Why do Balloons deflate?
The latex and Mylar balloons will get deflated with time if they are not treated chemically at the outer surface to stop the internal gas from coming out of the balloon. The balloons that lose air from them will not be airtight. The above two types of balloons have small microscopic holes in the balloon material. If the holes in the material are larger than the gas molecules lying inside the balloon then the gas moves outside slowly and gradually. Effusion is the process of the molecules to move away and come out of the holes of the balloon without contacting the sides of the balloon.
Effusion makes the gas molecules inside the balloon to encounter the walls of the balloon and in turn allows them to move out of the balloon. The rate of deflation of the balloon depends on the kind of material with which the balloon is made and the type of gas that is used to fill the balloon. It is observed by a balloon supplying company at Scotland that the foil balloons filled with Helium were known to float in the air for weeks together. But, these balloons will start to deflate after 3-5 days. The latex balloon was also found to fly in the air for about seventeen hours and can even extend to float if treated again for about few weeks.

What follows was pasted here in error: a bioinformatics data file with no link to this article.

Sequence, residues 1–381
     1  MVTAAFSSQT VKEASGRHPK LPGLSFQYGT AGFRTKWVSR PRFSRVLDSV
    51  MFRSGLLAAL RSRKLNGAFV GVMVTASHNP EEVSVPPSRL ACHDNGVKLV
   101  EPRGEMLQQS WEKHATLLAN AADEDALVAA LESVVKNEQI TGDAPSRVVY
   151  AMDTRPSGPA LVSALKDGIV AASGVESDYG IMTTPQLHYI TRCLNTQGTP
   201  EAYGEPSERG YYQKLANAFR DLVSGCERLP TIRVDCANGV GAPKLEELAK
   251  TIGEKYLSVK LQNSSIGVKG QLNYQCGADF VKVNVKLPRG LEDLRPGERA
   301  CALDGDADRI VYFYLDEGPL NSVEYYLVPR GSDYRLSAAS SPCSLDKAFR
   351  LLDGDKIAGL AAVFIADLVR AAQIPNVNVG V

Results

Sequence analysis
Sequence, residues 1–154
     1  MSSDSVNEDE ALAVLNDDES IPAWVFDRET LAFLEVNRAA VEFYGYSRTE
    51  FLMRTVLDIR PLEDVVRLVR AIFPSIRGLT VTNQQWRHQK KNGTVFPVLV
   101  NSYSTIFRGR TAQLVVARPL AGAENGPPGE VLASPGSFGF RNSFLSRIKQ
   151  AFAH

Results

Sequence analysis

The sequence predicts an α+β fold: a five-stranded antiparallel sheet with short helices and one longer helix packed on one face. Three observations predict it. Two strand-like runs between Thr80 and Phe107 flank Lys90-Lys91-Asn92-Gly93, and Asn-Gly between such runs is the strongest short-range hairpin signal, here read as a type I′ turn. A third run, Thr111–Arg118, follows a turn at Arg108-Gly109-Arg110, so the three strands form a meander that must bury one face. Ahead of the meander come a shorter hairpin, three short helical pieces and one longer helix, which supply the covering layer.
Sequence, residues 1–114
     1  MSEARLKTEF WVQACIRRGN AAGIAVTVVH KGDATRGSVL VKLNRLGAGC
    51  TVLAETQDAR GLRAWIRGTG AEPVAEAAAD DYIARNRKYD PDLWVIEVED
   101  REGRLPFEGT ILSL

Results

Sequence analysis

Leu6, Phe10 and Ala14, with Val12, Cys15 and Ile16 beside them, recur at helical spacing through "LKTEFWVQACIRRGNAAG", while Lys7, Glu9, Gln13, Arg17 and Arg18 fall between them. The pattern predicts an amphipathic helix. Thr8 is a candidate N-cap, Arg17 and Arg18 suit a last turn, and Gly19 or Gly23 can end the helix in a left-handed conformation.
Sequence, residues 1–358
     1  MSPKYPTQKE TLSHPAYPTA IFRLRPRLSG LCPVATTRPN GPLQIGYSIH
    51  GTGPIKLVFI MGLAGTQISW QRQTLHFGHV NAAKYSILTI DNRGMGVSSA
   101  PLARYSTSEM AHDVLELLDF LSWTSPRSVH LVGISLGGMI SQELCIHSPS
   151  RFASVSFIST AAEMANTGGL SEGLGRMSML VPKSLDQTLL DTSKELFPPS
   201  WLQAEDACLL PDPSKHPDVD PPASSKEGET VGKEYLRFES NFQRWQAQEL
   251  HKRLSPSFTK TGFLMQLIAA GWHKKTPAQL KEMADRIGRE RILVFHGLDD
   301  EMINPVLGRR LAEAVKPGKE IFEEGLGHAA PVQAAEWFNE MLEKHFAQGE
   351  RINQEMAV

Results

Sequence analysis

Foil and Latex balloons are found to stay longer than the inflated Helium balloons though they do not float in the air. The reason is due to the large size of the gas molecules inside the balloon unable to allow the molecules to pass through the pores of the balloon. The water balloons will not get deflated like that of air balloons which are partially permeable to allow the air to move outside. If a balloon has to be kept floating high up in the sky then the interior of the balloon can be coated to prevent the air to pass out.